Wednesday, March 22, 2023
March 22, 2023

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Far-right group stakes a claim, stoking angry debate and exposing political divides

3 Photos
The Deer Lagoon Grange hall began its life as a church. The quilt design on its side was chosen as part of a contest in 2015.
The Deer Lagoon Grange hall began its life as a church. The quilt design on its side was chosen as part of a contest in 2015. (Steve Ringman/The Seattle Times/TNS) Photo Gallery

LANGLEY — The Deer Lagoon Grange sits on an emerald swath of grass along the northeast shore of Lone Lake, just outside the picturesque town of Langley, perched on bluffs above Puget Sound at the south end of Whidbey Island.

The white building with two geometric barn quilts on its clapboard walls was once a Lutheran church. It’s a bit run down today and in need of a paint job, but has stood at the heart of the island’s agriculture community since its founding in 1927.

In recent months, however, Deer Lagoon Grange #842 has landed hard at the center of something else: outrage and controversy over its apparent affiliation with the armed, far-right Washington State Three Percenters (WA3%), which used the Grange as a jumpoff point for a large, mask-less “Freedom to Worship” rally in Freeland on Oct. 18. As allegations of harassment and debates over masks, racial justice and free speech swirl, the tension surrounding the Grange and its future reflects the country’s political divide, writ small.

A recent — and rare — influx of members to the Grange includes several members of the WA3%, according to current and formrick er Grange members, spurring fears among the more liberal island residents of a right-wing takeover of a valued community meeting space. While WA3% organizers eschew labels like “paramilitary,” their bylaws reference the Minutemen of the American Revolution and call for members to carry weapons “every day and everywhere you legally can.”

Members at Deer Lagoon said recent meetings have turned from sparsely attended discussions of county fair “critter workshops,” prize pigs and pumpkins to crowded, mask-free affairs involving topics like disaster preparedness and first-aid, including how to treat gunshot wounds. Some of the newcomers have shown up with guns, according to members who declined to be identified out of concern for their personal safety.

At the same time, a prominent WA3% member and recruiter who lives on Whidbey Island, Erik Rohde, says he’s been actively encouraging his members to join the Grange, claiming “three or four” already have. Rohde was one of the organizers of the Freeland rally. He wouldn’t identify any of the group’s membership when asked.

“It’s been frustrating,” Rohde said. “We have no racist ideology; that isn’t allowed in our organization. It’s not what we’re about. We have people from every walk of life.

“I am encouraging people to join the Grange. We encourage our members to be involved in the community,” he said. “I will take credit for spurring people to get involved.”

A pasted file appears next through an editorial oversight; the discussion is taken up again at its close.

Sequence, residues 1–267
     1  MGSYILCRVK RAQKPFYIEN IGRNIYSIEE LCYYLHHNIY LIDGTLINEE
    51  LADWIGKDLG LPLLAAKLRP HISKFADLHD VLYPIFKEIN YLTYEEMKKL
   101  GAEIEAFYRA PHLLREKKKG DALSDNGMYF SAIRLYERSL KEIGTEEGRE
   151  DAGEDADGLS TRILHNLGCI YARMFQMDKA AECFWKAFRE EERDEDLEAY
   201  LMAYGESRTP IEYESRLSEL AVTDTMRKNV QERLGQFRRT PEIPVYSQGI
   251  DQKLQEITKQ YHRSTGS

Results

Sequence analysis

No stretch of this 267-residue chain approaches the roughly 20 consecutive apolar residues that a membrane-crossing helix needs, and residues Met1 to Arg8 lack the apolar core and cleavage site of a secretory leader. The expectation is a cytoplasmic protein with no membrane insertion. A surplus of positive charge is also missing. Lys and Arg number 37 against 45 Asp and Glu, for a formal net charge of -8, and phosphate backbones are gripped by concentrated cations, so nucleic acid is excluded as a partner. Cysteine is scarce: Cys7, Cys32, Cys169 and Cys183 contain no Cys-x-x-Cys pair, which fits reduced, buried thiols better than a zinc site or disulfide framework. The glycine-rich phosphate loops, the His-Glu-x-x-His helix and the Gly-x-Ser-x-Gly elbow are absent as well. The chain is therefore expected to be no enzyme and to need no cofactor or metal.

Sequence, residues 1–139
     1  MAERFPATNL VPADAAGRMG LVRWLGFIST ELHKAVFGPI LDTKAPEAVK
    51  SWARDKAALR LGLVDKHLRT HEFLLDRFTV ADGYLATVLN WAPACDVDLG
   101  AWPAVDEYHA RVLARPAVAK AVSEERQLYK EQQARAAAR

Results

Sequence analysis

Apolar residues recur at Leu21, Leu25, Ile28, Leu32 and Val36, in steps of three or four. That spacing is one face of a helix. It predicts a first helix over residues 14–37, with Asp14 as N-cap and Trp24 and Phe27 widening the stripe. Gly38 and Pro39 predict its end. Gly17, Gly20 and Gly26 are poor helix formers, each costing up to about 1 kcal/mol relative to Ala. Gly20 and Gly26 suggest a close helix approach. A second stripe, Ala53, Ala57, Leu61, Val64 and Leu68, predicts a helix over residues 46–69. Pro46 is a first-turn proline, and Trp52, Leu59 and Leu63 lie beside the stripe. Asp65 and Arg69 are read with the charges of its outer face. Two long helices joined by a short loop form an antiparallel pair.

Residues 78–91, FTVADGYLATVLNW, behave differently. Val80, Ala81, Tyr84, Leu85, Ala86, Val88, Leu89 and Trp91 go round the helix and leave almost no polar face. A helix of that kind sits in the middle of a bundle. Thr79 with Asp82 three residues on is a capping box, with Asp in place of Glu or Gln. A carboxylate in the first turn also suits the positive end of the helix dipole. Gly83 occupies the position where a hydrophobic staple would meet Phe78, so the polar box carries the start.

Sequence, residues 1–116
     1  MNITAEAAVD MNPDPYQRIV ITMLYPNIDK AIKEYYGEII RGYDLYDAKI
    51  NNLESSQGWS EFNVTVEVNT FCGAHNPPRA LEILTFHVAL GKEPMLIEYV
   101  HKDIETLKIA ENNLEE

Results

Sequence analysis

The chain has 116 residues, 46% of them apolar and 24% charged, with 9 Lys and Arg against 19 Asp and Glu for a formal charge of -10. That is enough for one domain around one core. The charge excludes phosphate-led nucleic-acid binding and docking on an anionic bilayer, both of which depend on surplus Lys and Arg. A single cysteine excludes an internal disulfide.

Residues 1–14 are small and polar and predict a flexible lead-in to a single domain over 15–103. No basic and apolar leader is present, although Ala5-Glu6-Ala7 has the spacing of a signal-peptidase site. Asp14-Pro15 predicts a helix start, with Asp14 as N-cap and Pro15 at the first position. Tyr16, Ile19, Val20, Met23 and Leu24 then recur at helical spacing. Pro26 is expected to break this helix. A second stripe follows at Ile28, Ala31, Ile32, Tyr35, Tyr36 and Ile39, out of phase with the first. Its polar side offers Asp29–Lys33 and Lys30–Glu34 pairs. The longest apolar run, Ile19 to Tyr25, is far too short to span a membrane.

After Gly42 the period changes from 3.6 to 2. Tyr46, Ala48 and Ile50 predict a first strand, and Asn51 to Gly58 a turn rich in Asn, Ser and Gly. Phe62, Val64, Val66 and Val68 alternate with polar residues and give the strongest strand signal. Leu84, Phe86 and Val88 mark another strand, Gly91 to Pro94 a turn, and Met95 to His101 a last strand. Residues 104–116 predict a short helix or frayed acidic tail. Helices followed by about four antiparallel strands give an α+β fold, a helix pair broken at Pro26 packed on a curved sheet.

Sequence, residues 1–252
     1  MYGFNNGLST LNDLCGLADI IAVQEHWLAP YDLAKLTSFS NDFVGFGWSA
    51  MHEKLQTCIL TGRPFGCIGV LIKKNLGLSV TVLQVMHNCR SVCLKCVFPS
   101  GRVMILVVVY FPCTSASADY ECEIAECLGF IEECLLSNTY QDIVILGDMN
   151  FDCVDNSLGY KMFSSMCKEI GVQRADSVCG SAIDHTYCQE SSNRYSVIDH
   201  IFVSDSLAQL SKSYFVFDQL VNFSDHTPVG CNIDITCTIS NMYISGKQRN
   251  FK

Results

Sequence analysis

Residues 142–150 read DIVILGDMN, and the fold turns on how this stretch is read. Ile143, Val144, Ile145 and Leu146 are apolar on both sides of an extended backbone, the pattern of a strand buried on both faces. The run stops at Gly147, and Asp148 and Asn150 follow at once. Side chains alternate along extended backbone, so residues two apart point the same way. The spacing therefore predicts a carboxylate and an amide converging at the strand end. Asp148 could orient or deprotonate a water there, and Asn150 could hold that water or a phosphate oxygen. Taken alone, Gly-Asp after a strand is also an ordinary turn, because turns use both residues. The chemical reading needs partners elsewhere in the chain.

Island County Sheriff Rick Felici said his deputies were aware of the “hubbub” over the Grange and the rally, but said that from a law-enforcement standpoint, “It was a nonevent.”

“People have a right to join organizations and express their opinions,” he said.

A list of 21 names of new members reviewed by The Seattle Times — several sworn in at a special ceremony Nov. 14 conducted by the state Grange president — includes a former Navy SEAL with a checkered history in law enforcement, an emergency room physician and a data delivery specialist. Repeated efforts to contact these individuals and others on the list were unsuccessful.

Meantime, there’s been an exodus by some longtime Grange members who want nothing to do with the controversy or the newcomers.

“A lot of the old members are leaving,” said Dan Abat, a Grange member and the facility’s caretaker. He said he’s quitting the Grange and the job this year, partly because of stress over controversy kicked up by the new membership. “I have no idea who they are. I just don’t want to be hassled.”

Granges, which first appeared in the U.S. shortly after the Civil War, are grassroots, agriculture-based fraternal organizations with secret ceremonies and members-only gatherings. There are roughly 20,000 Grange clubs nationwide and more than 220 in Washington, with a total membership of about 8,800 people, according to documents published by the Washington State Grange.

The posters for the “Freedom to Worship rally” first began appearing in early October in Langley and elsewhere on south Whidbey Island, declaring “God Bless America!” The word “rally” is struck through, and the word “Protest!” is printed alongside. It provided the Deer Lagoon Grange’s address along Bayview Road.

The poster urged participants to bring food for a potluck and promised patriotic fare and speeches by WA3% founder Matt Marshall; Joshua Freed, a Republican write-in candidate for lieutenant governor; GOP congressional candidate Tim Hazelo; Joey Gibson of Vancouver, founder of the far-right Patriot Prayer group, and Aryeh Rohde, son of WA3%’s Erik Rohde and a self-proclaimed constitutional scholar and Second Amendment advocate.

In Langley, a number of residents recoiled at the prospect that the island would host a large group of outsiders, some from groups with racist ideologies or underpinnings, who would likely be armed and whose intent was to flout the state’s masking and social distancing guidelines even as COVID-19 infections were increasing.

“It really was a public safety and public health threat,” said Langley City Councilmember Craig Cyr, who noted that the tension that has gripped the country as a result of the threat of postelection violence and the devastation wrought by the coronavirus pandemic has not missed Whidbey Island or his scenic resort town.

In the end, the “Freedom to Worship” rally was moved from the Grange hall to a field near Freeland, where more than 150 people showed up, according to news reports. The hall was still used as a checkpoint for rally attendees before they were shuttled to the new site.